Reference : Emotion Regulation and Perceived Competence in Dyslexia and ADHD: Analyzing Predictor...
Dissertations and theses : Doctoral thesis
Social & behavioral sciences, psychology : Multidisciplinary, general & others
Emotion Regulation and Perceived Competence in Dyslexia and ADHD: Analyzing Predictors of Academic and Mental Health Outcomes in Adolescents
Battistutta, Layla mailto [University of Luxembourg > Faculty of Humanities, Education and Social Sciences (FHSE) > Department of Behavioural and Cognitive Sciences (DBCS) >]
University of Luxembourg, ​Esch-sur-Alzette, ​​Luxembourg
Docteur en Psychologie
Steffgen, Georges mailto
Schiltz, Christine mailto
Vögele, Claus mailto
Brem, Silvia mailto
Nader-Grosbois, Nathalie mailto
[en] dyslexia ; ADHD ; emotion regulation ; perceived competence ; executive functions ; mental health
[en] Youths with dyslexia and ADHD are at risk for developing not only academic but also mental health problems. As these negative outcomes are however not found equally among all adolescents with dyslexia or ADHD, this dissertation aimed at getting a better understanding of certain predictors and/or consequences of two mediating self-regulating mechanisms. Whereas study 1 focused on perceived competence as an important contributor to academic success or failure, studies 2, 3 and 4 analyzed the role of emotion regulation (ER) in the development of psychopathological symptoms. Study 1 showed that within a group of adolescents with dyslexia, adolescents with a late diagnosis hold lower general and academic perceived competency beliefs, with potential negative outcomes for academia. Study 2 gave a first insight into ER in dyslexia and revealed that while dyslexia might not be directly associated with ER difficulties, higher ADHD symptoms contribute to more ER difficulties not only in youths with clinical ADHD but also in youths with dyslexia. These findings were taken a step further in study 3, which showed that ER difficulties mediate the association between ADHD symptoms and further anxiety, depression and conduct disorder symptoms for youths with dyslexia, ADHD and comorbid dyslexia/ADHD. Moreover, it was demonstrated in study 4 that underlying working memory deficits, (and to a lesser extent) attentional control and inhibitory deficits are linked with ADHD symptoms, which in turn are associated with ER difficulties and further anxiety and depression symptoms.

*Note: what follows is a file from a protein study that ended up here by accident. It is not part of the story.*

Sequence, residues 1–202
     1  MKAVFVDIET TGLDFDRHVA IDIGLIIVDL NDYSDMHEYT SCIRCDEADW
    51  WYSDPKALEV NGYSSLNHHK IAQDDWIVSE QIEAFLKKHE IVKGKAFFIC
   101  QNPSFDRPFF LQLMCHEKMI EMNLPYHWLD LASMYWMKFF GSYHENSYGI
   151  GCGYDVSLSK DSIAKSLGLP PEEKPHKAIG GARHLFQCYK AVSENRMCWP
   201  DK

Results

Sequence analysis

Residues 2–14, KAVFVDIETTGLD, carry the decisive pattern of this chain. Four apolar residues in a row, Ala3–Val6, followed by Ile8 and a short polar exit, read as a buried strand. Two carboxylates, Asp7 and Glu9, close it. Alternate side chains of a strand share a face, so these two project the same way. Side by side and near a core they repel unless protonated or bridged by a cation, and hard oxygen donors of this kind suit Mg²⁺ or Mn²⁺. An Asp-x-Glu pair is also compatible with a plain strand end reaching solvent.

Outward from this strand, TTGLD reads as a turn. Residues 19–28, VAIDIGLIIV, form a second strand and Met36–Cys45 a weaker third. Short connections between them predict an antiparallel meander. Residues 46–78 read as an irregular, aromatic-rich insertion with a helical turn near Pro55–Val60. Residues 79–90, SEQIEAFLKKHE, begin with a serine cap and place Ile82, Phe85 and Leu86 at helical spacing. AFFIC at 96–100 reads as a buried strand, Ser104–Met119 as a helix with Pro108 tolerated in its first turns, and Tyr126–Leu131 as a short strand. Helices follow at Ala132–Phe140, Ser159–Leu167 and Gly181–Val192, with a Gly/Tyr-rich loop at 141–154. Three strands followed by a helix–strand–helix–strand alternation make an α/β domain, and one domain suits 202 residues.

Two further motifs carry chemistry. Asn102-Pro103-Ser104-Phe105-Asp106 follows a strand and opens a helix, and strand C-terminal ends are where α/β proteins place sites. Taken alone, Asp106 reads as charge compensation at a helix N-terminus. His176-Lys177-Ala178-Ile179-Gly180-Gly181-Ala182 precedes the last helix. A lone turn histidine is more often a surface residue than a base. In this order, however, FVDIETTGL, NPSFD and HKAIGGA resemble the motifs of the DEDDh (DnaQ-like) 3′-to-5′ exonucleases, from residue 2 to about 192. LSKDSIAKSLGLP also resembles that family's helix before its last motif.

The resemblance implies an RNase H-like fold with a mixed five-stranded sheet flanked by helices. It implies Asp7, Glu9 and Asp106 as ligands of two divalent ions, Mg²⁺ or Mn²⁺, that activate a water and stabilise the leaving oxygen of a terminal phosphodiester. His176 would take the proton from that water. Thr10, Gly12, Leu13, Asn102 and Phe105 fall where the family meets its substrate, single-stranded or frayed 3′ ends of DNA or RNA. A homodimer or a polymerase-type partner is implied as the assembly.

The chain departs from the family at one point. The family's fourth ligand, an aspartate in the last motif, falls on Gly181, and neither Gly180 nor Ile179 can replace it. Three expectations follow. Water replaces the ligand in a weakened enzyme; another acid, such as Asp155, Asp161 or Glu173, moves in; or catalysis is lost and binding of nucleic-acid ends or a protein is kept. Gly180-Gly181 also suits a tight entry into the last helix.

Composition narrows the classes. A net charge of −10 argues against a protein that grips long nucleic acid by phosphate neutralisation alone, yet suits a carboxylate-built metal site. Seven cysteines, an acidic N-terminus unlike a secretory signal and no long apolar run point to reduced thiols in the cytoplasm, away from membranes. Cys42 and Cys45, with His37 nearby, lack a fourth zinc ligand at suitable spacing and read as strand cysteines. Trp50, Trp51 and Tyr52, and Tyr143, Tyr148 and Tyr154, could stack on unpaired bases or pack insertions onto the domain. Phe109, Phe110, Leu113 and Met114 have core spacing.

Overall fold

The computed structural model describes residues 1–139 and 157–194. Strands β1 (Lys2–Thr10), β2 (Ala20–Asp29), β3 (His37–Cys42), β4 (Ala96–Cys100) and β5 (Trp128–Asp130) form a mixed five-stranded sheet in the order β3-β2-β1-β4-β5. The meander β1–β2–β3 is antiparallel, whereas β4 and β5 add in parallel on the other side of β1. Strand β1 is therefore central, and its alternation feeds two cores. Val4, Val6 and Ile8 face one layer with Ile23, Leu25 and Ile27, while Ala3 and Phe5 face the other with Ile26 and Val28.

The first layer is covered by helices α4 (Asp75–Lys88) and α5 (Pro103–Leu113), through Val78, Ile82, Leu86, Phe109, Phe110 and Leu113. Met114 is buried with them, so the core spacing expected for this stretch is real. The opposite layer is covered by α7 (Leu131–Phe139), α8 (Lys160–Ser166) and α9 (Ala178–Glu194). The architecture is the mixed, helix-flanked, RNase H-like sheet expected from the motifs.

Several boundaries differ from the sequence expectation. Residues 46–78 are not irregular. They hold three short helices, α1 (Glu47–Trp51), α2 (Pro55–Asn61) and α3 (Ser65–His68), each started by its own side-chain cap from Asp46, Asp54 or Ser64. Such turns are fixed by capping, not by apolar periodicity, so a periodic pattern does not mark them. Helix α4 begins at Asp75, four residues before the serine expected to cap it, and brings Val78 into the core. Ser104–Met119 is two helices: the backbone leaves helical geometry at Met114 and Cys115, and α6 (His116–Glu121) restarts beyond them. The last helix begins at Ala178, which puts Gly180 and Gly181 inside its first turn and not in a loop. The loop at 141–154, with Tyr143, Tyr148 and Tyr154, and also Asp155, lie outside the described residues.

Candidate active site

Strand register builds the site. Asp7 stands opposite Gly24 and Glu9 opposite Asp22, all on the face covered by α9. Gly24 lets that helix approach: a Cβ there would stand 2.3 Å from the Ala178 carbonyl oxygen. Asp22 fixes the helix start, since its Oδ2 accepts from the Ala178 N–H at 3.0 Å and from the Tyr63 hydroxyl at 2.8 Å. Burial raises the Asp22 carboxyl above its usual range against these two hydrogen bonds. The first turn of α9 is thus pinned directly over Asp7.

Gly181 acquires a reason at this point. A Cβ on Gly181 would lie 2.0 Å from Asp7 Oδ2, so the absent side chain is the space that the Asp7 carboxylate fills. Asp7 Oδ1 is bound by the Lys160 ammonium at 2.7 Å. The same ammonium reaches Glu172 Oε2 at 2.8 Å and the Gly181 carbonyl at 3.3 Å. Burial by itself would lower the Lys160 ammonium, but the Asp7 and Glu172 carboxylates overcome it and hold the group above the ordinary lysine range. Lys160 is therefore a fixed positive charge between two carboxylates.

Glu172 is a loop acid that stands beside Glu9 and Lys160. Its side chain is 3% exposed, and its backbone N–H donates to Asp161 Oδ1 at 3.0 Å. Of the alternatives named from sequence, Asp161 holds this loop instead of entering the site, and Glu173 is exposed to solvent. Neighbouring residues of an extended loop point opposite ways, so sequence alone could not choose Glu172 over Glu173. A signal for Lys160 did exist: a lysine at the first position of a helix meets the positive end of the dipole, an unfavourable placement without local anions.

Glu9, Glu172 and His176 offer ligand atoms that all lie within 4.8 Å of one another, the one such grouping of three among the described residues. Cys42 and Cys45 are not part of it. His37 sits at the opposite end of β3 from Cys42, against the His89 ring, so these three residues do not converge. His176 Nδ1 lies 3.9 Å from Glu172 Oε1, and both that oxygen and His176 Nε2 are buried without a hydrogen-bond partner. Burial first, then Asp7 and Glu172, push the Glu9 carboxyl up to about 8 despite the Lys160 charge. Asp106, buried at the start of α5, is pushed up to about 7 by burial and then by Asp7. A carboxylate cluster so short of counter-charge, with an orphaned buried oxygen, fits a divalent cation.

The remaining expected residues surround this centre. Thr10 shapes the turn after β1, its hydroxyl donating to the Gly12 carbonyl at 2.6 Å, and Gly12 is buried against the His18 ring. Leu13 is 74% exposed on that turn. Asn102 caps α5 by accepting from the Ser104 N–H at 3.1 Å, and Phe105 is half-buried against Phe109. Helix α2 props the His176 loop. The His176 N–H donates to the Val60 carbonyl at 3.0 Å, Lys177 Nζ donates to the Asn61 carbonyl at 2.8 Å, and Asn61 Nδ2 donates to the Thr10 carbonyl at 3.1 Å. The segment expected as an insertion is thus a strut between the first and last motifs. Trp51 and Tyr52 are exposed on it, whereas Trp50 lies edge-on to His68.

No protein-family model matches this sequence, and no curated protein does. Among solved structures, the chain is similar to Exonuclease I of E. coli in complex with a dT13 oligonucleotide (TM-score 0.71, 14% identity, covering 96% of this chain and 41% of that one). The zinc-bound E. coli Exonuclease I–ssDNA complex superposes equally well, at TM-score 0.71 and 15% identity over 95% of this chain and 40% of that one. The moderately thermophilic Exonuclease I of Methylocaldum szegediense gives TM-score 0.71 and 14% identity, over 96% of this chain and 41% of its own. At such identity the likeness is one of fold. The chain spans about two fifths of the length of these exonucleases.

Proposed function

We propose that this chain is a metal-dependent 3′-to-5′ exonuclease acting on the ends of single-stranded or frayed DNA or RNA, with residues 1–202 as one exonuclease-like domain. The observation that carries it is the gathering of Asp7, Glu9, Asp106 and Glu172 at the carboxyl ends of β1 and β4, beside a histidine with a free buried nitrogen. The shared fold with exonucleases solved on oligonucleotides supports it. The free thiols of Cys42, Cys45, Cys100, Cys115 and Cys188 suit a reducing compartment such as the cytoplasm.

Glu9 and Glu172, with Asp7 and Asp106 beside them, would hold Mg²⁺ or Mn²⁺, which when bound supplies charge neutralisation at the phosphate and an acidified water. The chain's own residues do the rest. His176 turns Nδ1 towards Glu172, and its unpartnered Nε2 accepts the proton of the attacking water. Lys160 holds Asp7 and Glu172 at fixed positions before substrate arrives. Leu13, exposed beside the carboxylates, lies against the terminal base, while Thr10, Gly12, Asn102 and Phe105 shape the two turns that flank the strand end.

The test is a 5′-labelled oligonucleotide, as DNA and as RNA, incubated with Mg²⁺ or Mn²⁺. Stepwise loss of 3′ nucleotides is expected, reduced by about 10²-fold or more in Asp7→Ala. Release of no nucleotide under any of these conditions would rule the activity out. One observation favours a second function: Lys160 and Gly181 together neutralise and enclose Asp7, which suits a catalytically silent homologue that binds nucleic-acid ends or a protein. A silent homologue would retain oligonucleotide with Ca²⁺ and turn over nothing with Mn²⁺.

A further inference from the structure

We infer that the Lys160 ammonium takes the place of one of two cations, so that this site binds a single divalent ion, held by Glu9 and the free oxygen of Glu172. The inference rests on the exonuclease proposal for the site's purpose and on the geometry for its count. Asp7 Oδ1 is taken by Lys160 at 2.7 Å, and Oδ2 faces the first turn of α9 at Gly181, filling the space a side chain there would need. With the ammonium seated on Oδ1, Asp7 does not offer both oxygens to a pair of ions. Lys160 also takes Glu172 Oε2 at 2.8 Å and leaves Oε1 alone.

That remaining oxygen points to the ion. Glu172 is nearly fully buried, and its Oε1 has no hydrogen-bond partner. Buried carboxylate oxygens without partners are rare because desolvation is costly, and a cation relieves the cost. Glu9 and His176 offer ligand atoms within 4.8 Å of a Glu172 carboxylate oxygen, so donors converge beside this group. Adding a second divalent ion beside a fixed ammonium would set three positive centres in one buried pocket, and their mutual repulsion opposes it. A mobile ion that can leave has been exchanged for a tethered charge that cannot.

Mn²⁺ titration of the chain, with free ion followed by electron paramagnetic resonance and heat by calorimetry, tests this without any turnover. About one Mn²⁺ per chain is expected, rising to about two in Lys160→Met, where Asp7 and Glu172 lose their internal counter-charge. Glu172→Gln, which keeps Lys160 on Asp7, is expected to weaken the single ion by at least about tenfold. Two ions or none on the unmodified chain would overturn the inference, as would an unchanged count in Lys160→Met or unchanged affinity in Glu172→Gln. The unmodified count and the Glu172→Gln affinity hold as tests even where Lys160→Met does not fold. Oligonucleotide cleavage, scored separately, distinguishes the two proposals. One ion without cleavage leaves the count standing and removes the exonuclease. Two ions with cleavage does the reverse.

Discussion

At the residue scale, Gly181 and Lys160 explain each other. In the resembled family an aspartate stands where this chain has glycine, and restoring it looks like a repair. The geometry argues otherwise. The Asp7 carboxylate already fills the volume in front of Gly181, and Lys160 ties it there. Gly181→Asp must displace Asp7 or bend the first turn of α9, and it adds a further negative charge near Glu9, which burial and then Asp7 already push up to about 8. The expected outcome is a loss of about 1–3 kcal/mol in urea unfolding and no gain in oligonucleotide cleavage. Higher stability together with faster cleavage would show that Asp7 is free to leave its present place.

The findings are discussed within the larger context of perceived competence, ER as well as academic and psycho-social outcomes, and potential implications for the conceptualization, diagnosis, prevention and treatment of these disorders are considered.
University of Luxembourg - UL
Researchers ; Professionals ; Students ; General public

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